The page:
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Health A-Z

Medical Content Created by the Faculty of the
Harvard Medical School

What Is It?

Head lice are small, parasitic insects that infest hair on the head of people. Their six legs allow them to grasp and wander between hairs. They feed only on the blood of people, and feed once or more each day. They are more common on children than adults.

A single insect is called a louse. A female louse can lay more than 100 eggs, called nits, in her lifetime. The female louse secretes a glue to attach each egg to a scalp hair, usually close to scalp level. They hatch about 8 days after they are laid, and grow to the adult stage about 9 to 12 days after hatching. Adult head lice survive just a few weeks on the scalp, but die within a day once removed from a person.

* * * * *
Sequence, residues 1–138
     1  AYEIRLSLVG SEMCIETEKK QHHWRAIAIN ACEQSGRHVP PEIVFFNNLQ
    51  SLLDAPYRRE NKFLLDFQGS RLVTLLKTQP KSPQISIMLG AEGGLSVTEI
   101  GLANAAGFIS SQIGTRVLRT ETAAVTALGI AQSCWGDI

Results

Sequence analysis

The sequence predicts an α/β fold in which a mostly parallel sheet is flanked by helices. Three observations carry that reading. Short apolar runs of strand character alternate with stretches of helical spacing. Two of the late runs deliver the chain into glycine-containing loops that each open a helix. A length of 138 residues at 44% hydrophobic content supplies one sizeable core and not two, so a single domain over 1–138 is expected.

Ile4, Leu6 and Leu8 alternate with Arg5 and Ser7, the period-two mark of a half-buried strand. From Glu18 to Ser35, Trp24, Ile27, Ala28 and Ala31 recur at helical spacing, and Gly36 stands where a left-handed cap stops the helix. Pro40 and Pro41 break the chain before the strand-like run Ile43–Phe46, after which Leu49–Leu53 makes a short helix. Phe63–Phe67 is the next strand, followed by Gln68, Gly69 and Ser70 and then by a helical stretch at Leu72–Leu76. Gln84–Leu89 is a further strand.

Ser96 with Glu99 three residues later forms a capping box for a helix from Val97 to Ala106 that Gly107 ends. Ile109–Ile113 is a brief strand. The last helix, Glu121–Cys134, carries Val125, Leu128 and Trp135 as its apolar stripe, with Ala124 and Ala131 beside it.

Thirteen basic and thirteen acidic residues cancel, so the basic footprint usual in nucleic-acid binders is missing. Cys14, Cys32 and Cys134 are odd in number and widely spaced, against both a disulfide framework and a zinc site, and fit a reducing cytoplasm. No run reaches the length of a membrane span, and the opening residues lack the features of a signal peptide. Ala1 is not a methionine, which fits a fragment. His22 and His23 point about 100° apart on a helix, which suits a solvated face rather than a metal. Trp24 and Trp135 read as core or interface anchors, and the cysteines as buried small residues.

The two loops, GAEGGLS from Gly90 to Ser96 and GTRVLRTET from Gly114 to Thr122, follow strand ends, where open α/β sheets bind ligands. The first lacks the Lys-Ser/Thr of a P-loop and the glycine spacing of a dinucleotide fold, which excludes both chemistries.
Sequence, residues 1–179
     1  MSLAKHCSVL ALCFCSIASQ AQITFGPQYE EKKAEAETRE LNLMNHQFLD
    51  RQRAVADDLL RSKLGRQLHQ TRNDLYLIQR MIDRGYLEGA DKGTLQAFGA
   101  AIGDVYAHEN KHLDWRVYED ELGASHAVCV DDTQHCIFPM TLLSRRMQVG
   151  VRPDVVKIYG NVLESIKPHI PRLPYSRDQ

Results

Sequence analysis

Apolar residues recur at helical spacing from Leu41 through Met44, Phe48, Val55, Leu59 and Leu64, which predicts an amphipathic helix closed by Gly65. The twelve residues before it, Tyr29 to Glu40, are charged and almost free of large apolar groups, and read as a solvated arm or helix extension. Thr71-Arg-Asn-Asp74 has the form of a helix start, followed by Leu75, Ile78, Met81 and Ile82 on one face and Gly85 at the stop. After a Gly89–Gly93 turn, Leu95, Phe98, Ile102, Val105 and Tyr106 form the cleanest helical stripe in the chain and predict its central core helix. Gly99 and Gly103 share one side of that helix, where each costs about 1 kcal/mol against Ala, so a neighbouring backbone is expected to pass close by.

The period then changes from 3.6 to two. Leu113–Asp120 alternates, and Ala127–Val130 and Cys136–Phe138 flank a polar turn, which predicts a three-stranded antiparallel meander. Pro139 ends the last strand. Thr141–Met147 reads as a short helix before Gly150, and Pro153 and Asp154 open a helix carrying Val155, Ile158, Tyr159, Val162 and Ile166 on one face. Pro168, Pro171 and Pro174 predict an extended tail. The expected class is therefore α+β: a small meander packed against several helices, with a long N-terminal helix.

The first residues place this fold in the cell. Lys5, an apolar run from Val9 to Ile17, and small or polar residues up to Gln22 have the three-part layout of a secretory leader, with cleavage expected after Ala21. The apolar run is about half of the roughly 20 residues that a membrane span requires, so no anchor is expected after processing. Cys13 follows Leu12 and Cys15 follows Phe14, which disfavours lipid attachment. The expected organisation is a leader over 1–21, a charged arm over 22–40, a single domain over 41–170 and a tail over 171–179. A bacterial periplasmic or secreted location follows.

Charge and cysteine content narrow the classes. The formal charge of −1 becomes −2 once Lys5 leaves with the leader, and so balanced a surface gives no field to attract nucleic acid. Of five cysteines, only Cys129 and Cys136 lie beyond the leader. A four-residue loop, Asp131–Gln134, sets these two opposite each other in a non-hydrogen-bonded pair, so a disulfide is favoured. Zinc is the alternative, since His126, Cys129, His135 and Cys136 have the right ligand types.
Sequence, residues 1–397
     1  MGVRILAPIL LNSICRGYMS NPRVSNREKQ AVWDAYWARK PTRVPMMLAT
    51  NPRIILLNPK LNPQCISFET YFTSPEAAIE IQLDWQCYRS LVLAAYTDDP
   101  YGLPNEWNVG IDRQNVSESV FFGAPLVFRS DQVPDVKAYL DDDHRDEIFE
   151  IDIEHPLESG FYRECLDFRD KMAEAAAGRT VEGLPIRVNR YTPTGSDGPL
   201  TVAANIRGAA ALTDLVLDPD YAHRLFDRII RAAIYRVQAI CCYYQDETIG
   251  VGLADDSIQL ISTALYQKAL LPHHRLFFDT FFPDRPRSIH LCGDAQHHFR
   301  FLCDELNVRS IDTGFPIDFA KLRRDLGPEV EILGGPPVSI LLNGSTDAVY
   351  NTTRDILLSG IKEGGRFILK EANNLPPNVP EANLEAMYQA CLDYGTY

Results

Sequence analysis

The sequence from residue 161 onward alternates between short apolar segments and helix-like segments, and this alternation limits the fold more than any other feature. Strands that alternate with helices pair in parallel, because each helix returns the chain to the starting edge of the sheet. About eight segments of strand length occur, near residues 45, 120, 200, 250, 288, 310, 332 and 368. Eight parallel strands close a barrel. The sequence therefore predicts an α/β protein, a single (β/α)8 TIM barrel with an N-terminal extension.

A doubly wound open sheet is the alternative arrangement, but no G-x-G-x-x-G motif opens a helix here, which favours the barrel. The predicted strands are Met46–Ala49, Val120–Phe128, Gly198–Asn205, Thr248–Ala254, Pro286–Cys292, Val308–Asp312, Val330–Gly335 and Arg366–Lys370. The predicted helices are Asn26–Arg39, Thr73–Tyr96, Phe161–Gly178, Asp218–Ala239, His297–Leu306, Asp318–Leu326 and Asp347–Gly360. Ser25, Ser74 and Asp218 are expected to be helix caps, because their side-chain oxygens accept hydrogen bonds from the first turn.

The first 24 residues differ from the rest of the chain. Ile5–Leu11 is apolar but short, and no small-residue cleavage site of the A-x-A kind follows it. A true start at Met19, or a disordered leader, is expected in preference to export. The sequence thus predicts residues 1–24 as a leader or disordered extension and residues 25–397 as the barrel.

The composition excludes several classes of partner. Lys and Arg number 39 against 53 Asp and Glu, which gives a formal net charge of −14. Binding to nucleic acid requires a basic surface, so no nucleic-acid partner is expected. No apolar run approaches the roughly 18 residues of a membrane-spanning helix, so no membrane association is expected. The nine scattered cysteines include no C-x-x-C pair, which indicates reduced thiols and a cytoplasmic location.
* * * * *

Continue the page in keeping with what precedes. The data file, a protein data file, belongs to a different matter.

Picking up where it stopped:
In general, a person infested with head lice will have fewer than a dozen live lice on his or her head at a time, although hundreds of developing, dead and hatched eggs may be present.

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From Health A-Z, Harvard Health Publications. Copyright 2007 by the President and Fellows of Harvard College. All rights reserved. Written permission is required to reproduce, in any manner, in whole or in part, the material contained herein. To make a reprint request, contact Harvard Health Publications. Used with permission of StayWell.

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